The First Three Months


On New Year’s Day 2020, I was zipping up my fleece to head outside when the phone in the kitchen rang. I picked it up to find a reporter on the line. “Dr. Fauci,” he said, “there’s something strange going on in Central China. I’m hearing that a bunch of people have some kind of pneumonia. I’m wondering, have you heard anything?” I thought he was probably referring to influenza, or maybe a return of SARS, which in 2002 and 2003 had infected about 8,000 people and killed more than 750. SARS had been bad, particularly in Hong Kong, but it could have been much, much worse.

A reporter calling me at home on a holiday about a possible disease outbreak was concerning, but not that unusual. The press sometimes had better, or at least faster, ground-level sources than I did as director of the National Institute of Allergy and Infectious Diseases, and reporters were often the first to pick up on a new disease or situation. I told the reporter that I hadn’t heard anything, but that we would monitor the situation.

Monitoring, however, was not easy. For one thing, we had a hard time finding out what was really going on in China because doctors and scientists there appeared to be afraid to speak openly, for fear of retribution by the Chinese government.

In the first few days of 2020, the word coming out of Wuhan—a city of more than 11 million—suggested that the virus did not spread easily from human to human. Bob Redfield, the director of the Centers for Disease Control and Prevention, was already in contact with George Gao, his counterpart in China. During an early-January phone call, Bob reported that Gao had assured him that the situation was under control. A subsequent phone call was very different. Gao was clearly upset, Bob said, and told him that it was bad—much, much worse than people imagined.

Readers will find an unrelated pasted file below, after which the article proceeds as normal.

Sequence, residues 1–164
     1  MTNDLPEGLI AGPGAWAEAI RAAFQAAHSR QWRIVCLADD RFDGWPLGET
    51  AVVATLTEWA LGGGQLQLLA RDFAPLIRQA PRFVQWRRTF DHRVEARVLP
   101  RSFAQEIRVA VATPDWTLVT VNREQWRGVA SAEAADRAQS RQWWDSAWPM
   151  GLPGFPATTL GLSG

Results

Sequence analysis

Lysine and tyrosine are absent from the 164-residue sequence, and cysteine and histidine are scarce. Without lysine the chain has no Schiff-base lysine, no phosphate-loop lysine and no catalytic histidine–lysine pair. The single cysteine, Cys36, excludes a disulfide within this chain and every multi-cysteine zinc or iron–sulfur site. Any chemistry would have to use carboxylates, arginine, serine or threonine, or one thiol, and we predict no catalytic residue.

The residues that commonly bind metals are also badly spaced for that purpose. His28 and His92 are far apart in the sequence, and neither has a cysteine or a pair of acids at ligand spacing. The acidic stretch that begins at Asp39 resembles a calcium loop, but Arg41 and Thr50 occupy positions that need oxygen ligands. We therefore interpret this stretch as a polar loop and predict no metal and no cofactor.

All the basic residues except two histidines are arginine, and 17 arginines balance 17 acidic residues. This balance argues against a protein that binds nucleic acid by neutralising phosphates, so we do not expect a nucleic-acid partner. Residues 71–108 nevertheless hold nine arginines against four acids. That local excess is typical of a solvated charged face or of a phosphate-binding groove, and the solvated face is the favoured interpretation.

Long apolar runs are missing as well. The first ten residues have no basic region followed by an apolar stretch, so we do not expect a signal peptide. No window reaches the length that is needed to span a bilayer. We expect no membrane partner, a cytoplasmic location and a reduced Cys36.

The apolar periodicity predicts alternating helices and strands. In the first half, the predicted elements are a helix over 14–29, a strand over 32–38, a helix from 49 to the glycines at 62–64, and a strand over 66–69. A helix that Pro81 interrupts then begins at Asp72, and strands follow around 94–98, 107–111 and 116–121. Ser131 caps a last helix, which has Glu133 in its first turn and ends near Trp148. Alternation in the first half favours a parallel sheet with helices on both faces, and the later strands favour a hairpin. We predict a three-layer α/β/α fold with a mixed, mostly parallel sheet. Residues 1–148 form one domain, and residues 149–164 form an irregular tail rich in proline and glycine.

“We don’t know what’s going on with this virus coming out of China right now,” I told the group assembled in a conference room at the National Institutes of Health. This was January 3, just 48 hours after the reporter had called me at home. The scientists sitting around the table, led by Vaccine Research Center Director John Mascola, knew what I was going to say next: “We are going to need a vaccine for whatever this new virus turns out to be.”

Among those present was Barney Graham, a gentle giant of a man at 6 feet 5 inches tall, and one of the world’s foremost vaccinologists. For years, Barney had been leading a group of scientists trying to develop the optimal immunogens for vaccines injected into the body. (An immunogen refers to the crucial part of any vaccine that generates the immune response.) They had been working with Moderna on a vaccine platform called mRNA, the result of groundbreaking research conducted over many years by Katalin Karikó and Drew Weissman, who would win the Nobel Prize in 2023. “Get me the viral genomic sequence,” Barney said, “and we’ll get working on a vaccine in days.”

At this point, an FDA-approved vaccine had never before been made using mRNA technology, and although a lot of skepticism remained, my colleagues and I were very optimistic about it. Compared with other vaccines, the mRNA process is faster and more precise. The team needed the coronavirus’s genomic sequence so that it could pick out the part that codes for the spike protein (the immunogen) and, together with Moderna, use it to make the correct mRNA.